Papua New Guinea is about to start its ninth general election, with voting taking place between June 24 and July 8, followed by counting over subsequent weeks. The coalition government led by Prime Minister Peter O’Neill enters the election under siege, facing battles on political, legal and economic fronts. From the outside, O’Neill looks to be in a strong position. His government holds a significant majority in parliament, and the opposition is fractured. However, alliances in Papua New Guinea are often unstable, and the result of the election is far from certain. O’Neill, then treasurer, wrested power in 2011 from long-serving Prime Minister Sir Michael Somare, widely known as Papua New Guinea’s “Grand Chief.” The country was starting the construction of its largest natural resource project, a $19 billion liquefied natural gas project that was expected to transform the nation’s economy.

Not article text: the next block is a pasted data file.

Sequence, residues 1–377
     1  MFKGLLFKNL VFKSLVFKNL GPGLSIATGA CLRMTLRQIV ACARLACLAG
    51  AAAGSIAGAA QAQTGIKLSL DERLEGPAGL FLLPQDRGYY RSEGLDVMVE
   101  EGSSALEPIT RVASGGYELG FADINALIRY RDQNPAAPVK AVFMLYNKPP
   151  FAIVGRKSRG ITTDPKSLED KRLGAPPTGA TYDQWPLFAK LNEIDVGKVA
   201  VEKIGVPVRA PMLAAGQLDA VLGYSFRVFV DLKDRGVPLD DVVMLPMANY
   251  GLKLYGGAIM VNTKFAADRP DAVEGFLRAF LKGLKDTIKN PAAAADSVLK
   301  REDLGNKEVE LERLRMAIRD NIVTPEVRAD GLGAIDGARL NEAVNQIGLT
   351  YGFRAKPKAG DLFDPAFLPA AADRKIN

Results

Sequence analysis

Anticipating overflowing coffers, the government made bold expenditure commitments, including free education, free healthcare and a massive decentralization program. The expected windfall from the project even emboldened the prime minister to make a dubious deal to acquire a stake in Papua New Guinea’s largest company, Oil Search, an oil and gas explorer that has a stake in the LNG project.
The government also committed to hosting the Asia-Pacific Economic Cooperation leaders’ summit in November 2018. The summit, which will attract thousands of delegates and journalists, will be the largest conference gathering ever held in Papua New Guinea.